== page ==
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SummaryA superb platform game that has amazing graphics and excellent sound
The GoodPulseman is such a glorious-looking game that not many people got to play due to it being a Japan-only release, and being one of the last games to be released for the Mega Drive. Having just read an article on it in Retro Gamer, I thought I would check the game out. It was developed by Game Freak, who would later go on to create the Pokémon series for Nintendo's consoles.
The game has an interesting story, and it has a certain sci-fi feel to it. Scientist Doc Yoshiyama has created the world's most advanced female artificial intelligence capable of human emotion, which he named C-Life. He soon found himself in love with her and uploaded himself into her program core to be with her. Their love-making resulted in the birth of Pulseman, a half-human, half C-Life boy who was capable of channeling electricity through his body and didn't need to be in a computer to survive. Pulseman eventually finds out that he needs to destroy his father who morphed into an evil man named Doc Waruyama and established Team Galaxy, an organization that is spreading cyber-terrorism throughout the world.
Pulseman is a side-scrolling platformer that shares many similarities with other Mega Drive titles such as Sonic the Hedgehog 2 and Rocket Knight Adventures, while adding a bit of Mega Man into the mix. The game has you going through each of its seven stages, fighting various types of creatures Waruyama has sent to destroy you. At the end of each stage, there is a boss that you need to defeat. The bosses have their own attack patterns, and they can be difficult to bring down. Unique is the display at the top-left corner of the screen, its color changing from blue to yellow to red as you take hits from enemies.
Running left and right without stopping will build up an electrical charge, and only then can Pulseman perform two types of attack. The most powerful of this, and my personal favorite, is the Volteccer, an attack where you are invincible and ricochet off surfaces and destroy enemies in your path.
Each stage have its own spectacular backdrops, especially the first stage which is set in Japan. In this stage, the buildings are well lit up, with searchlights shining behind them and traffic whizzing past below. I like that it contains references to other Sega titles or video game consoles. Each of the stages are unique that there are indoor and outdoor areas which you can enter by using red teleports labeled “In” and “Out” respectively. Each area has its own backdrops, and some of these backdrops are enough to give some people seizures. There are interesting things you can do like explore a Japanese TV station and ancient ruins in Thailand.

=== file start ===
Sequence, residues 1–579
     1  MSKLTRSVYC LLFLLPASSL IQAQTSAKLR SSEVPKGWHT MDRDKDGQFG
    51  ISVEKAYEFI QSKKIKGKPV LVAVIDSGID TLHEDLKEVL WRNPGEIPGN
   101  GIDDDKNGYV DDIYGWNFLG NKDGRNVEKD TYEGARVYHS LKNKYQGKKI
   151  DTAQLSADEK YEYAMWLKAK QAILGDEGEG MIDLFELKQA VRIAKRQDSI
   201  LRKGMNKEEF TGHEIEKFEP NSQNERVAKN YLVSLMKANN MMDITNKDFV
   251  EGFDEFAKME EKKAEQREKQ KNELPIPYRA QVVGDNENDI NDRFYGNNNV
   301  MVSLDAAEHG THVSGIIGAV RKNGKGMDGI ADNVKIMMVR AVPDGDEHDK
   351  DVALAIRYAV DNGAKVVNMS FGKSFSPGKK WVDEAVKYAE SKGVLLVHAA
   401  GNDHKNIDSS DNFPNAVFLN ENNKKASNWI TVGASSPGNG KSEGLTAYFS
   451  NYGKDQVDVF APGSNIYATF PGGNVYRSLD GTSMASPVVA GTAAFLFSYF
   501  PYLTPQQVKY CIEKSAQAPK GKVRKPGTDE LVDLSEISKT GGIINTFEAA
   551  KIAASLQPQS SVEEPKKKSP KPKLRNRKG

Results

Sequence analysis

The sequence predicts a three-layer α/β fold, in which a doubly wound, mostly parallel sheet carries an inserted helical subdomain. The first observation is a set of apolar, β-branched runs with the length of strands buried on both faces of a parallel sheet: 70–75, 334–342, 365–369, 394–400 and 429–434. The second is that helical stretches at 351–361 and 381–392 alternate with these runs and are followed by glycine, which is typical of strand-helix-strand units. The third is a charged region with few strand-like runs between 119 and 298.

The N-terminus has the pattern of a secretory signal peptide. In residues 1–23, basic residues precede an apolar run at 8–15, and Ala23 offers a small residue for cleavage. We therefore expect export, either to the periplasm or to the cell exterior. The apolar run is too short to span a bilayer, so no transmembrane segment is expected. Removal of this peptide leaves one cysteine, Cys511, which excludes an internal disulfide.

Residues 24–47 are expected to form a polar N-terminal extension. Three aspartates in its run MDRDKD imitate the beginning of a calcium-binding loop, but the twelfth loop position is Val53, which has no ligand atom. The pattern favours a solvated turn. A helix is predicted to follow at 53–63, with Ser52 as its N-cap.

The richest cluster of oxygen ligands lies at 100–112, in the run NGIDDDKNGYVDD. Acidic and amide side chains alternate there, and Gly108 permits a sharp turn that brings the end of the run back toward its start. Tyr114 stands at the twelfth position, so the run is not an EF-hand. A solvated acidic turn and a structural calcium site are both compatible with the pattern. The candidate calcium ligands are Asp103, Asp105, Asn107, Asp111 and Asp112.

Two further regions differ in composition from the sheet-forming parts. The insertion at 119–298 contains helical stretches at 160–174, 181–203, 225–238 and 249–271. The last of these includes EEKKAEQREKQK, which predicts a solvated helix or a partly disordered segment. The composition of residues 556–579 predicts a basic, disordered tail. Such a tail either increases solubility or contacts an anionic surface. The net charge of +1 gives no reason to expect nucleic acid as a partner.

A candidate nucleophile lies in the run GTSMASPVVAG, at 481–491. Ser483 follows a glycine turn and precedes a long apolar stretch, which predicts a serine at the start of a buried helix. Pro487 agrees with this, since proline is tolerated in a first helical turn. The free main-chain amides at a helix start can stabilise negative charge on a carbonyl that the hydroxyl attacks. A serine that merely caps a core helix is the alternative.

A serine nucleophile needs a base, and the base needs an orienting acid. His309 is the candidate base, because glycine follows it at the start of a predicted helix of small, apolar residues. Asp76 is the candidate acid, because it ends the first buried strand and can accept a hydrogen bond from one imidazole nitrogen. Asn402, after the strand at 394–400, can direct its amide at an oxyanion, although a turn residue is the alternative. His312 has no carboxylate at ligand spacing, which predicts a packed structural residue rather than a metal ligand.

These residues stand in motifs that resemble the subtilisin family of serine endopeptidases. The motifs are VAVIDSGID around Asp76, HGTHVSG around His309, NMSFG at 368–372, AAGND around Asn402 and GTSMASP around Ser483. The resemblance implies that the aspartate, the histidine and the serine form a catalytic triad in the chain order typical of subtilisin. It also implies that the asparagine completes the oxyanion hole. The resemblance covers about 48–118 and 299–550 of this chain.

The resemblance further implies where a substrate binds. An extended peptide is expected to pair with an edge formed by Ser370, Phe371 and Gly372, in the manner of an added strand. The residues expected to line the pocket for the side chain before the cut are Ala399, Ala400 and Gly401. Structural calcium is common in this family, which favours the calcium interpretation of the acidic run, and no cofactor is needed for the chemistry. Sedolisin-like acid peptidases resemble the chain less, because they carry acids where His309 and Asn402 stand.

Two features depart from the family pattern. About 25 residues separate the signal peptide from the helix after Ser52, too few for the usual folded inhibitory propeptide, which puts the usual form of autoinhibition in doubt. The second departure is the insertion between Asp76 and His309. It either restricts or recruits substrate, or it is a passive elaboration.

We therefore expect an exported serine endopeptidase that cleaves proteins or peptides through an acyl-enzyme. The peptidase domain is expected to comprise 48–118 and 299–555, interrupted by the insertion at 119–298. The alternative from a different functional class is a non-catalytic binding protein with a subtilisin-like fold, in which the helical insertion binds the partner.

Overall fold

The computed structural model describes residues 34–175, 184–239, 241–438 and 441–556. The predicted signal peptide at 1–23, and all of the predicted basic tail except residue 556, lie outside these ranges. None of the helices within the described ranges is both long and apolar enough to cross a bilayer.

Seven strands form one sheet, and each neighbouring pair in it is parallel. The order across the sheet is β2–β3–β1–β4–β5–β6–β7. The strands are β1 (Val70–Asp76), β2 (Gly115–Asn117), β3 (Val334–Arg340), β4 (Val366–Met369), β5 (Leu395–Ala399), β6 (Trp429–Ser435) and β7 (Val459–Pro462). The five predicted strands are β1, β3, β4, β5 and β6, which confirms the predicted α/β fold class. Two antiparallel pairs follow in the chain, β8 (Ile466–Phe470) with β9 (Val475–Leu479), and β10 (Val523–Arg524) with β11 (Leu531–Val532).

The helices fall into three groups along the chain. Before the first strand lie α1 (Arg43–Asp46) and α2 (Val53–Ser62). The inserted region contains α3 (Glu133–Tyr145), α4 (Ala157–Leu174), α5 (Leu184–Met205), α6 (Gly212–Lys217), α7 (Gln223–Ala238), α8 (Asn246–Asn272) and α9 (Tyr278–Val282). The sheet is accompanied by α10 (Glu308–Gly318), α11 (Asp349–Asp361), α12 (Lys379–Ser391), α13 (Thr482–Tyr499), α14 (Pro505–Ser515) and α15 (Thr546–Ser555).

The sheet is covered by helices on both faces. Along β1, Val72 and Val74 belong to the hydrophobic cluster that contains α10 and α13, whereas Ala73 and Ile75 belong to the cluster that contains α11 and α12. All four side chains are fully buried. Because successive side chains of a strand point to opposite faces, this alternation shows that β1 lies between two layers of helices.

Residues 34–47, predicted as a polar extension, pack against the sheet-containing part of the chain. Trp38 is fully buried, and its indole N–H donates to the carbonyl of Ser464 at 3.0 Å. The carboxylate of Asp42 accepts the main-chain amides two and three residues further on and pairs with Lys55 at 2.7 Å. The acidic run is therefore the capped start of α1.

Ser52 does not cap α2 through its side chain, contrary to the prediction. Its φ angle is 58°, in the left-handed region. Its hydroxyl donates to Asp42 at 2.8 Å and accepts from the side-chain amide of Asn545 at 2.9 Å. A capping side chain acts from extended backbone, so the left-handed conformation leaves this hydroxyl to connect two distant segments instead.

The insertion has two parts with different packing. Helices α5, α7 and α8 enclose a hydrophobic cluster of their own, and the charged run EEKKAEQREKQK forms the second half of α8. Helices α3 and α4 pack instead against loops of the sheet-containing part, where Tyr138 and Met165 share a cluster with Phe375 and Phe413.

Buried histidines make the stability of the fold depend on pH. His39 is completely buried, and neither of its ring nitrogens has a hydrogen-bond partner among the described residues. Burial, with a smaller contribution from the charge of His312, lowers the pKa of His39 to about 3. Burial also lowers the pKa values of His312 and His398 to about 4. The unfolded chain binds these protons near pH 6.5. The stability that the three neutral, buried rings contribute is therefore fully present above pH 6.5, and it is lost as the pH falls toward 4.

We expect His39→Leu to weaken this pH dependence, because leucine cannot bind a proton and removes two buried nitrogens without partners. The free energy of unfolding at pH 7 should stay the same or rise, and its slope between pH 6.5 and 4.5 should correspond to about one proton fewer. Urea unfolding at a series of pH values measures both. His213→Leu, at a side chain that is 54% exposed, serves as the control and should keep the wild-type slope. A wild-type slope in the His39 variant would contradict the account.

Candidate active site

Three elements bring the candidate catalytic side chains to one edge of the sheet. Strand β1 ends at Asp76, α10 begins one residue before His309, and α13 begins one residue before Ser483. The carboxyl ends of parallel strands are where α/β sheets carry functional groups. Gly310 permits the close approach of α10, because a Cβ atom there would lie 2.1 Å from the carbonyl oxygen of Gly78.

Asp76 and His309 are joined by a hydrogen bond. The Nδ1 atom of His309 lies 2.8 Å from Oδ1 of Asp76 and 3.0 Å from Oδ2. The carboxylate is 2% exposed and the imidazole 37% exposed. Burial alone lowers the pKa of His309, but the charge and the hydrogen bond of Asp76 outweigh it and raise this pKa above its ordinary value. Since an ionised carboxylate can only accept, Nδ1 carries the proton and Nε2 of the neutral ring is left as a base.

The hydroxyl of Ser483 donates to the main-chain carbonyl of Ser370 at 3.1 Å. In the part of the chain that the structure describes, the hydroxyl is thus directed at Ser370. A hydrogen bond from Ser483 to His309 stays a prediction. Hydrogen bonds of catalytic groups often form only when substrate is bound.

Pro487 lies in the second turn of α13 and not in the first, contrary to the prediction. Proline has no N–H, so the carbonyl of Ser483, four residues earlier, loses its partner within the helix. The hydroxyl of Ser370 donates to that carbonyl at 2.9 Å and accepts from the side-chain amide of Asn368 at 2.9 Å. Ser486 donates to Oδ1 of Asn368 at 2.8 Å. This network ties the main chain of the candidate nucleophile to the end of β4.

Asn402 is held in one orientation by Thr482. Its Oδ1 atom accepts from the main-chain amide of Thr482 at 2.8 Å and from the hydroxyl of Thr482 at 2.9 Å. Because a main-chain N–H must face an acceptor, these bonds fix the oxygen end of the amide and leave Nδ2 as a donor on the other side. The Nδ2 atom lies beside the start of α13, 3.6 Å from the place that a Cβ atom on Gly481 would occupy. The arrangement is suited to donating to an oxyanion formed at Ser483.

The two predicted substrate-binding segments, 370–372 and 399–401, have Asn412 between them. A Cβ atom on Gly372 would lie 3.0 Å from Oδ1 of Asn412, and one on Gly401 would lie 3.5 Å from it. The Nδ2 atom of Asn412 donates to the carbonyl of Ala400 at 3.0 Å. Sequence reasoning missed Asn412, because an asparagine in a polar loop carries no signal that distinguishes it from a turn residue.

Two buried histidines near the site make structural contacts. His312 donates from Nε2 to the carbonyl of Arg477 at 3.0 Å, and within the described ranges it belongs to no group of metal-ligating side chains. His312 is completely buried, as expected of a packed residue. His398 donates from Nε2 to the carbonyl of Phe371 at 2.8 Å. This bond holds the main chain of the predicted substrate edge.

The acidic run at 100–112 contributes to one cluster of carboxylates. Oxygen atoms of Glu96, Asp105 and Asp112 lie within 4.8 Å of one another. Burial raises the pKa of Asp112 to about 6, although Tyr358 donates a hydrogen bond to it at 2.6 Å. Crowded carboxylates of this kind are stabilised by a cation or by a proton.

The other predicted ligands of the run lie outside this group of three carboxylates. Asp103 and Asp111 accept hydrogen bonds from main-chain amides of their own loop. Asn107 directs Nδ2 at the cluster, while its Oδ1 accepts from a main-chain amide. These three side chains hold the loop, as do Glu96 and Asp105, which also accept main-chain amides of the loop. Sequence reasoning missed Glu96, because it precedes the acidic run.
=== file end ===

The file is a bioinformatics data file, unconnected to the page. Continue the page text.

The game is littered with obstacles in each stage. In most of them, Wires can be used to teleport Pulseman from one area of the stage to the next, but where you end up depends on both timing and quick reflexes. Water forms the core of the Thailand stage and weakens Pulseman's abilities on contact. (Thanks goes to Waruyama for that advice.)
Most of the stages have a pumping soundtrack, but there are a few that have a relaxing feel to them. The soundtracks are brilliant composed and they are far better than the music in any other Mega Drive game. In the options menu, you can choose to listen to each soundtrack (in the game's order.) A building serves as the background, and the way it lights up as you listen to a single beat is rather neat.
The BadThere is nothing bad about this game.
The Bottom LineSo in conclusion, Pulseman is a superb platform game that not many people got to play in the Mega Drive years due to it being only released in Japan. That all changed when it was released on Nintendo's Virtual Console. Although the voices in the original release were English, all the text was not. As a result, Sega went to a lot of trouble providing translations before they could release it in North America.
Pulseman contains great graphics and sound, and it is the type of game that could rival other Mega Drive platformers. It is a shame that Game Freak didn't release a sequel, instead of focusing on those cute creatures that became all the rage shortly after.